Tuesday, June 10, 2014


It is something about the waiting, isn't it? I don't know anyone who waits well. Maybe it's because we all know that what we're really waiting on is change. We're waiting to ask a question. We're waiting to make a move. We're waiting for the time when something, or someone, is about to have the chance to speak into our lives and here we are, opening our lives up to this very thing! We are emptying ourselves and creating space for whatever comes next, and it's hard.

Because it doesn't feel like it's anything. It feels like whatever we're waiting on is something but this? This is nothing. This waiting is the emptiness. This waiting is idleness. This waiting does not change us, not in the way whatever's coming will.

Or does it?

When you understand waiting in the context of change, you realize that waiting is really the thing. Waiting is the crucial moment. Waiting is the preparation for what's next, and most of us miss our chance to prepare because we're so uncomfortable waiting. But waiting is the big thing.

It's the moment when you're hovering, feet in the air, waiting to come down into some new reality, trying to figure out if you're floating or falling. Trying to figure out if you'll be caught or you'll crash. Trying to figure out what the next thing is going to mean.

These are all questions we answer in the waiting, whether we're aware of it or not. Waiting is the time when we decide what whatever comes next is allowed to mean.

Have you ever thought about it that way?

It's true. In the waiting, we declare, "I'm about to be the kind of person who _________." And that has implications.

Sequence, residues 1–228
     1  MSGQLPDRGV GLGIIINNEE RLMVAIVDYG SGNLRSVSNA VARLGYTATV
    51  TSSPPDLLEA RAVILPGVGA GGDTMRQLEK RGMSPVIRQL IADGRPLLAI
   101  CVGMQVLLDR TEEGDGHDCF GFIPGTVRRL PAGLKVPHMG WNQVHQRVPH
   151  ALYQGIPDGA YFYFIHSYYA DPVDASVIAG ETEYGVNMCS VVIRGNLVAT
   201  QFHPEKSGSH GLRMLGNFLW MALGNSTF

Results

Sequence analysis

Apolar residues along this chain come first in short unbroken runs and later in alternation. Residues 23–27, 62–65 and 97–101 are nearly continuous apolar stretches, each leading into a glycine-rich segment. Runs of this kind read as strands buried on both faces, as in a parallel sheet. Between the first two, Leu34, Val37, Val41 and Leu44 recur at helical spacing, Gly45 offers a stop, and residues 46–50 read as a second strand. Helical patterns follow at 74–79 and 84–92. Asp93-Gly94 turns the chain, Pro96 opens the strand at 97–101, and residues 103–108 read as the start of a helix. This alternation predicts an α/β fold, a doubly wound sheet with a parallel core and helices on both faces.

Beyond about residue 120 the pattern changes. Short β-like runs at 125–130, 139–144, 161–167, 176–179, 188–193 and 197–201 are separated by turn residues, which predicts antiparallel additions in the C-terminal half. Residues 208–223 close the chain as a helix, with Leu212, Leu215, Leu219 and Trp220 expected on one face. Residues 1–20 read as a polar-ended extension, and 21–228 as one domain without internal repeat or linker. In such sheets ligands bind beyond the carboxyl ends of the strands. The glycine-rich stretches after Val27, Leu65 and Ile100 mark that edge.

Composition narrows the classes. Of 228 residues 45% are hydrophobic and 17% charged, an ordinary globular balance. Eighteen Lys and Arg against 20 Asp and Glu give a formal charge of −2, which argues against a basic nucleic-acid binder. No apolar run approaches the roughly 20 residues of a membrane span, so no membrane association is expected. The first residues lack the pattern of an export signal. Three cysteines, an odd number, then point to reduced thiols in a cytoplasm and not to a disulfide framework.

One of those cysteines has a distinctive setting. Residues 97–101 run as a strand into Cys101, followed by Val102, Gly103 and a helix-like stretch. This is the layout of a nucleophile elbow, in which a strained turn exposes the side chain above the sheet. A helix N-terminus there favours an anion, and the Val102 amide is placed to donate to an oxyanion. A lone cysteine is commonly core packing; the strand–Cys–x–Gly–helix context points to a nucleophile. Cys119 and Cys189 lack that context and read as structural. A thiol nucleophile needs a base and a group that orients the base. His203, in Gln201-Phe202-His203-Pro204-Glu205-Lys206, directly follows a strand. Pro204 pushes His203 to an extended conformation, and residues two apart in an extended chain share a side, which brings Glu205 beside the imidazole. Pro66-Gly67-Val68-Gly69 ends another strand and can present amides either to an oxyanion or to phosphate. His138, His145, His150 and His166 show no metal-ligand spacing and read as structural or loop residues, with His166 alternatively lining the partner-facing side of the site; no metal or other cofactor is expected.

It doesn't matter whether what comes next is a given or only a possibility. It doesn't matter whether you have any say in what's going to happen. It doesn't matter whether this is something you want to do or something you have to do. The waiting is all the same. It's a time to reflect. It's a time to consider. It's a time to choose.

Waiting is a special time.

I've had this experience a few times in my life. That is, I've been able to pull off a conscious waiting heart. I wish I knew how it happened (so I could do it more faithfully and not agonize so much in the waiting). I have to admit - it just seems easier in some situations than in others.

For instance, back in February when I was getting ready to preach in a new venue for the first time, I initially wondered how I would ever get through Sunday morning. I wasn't set to preach until the Sunday afternoon services, and even on a busy Sunday, this seemed to leave plenty of time for me to, uhm, stress out. Like I normally would. Not because I'm nervous or scared but just because I'd be waiting for the opportunity. Waiting on the services to actually start. Waiting to step up and say my hellos.

Early that Sunday morning, in a quiet moment before I really even got my day started, I had one powerful thought sneak into my conscious. "This. is gonna be cool." This is what God created me for, what He called me to, and what He constructed into this day. My preaching that afternoon was perfectly what God intended for that day, and you know what? I had no trouble waiting. Yes, my heart was aflutter. Yes, I had intermittent deep breaths and moments without breathing at all. Yes, I was excited. But I was also...okay. Sunday morning service came and went. I made some lunch. Ate some lunch. (Kept it down.) Drove on over to the chapel, said my hellos, introduced myself, and preached. Then grabbed a burger on the way home.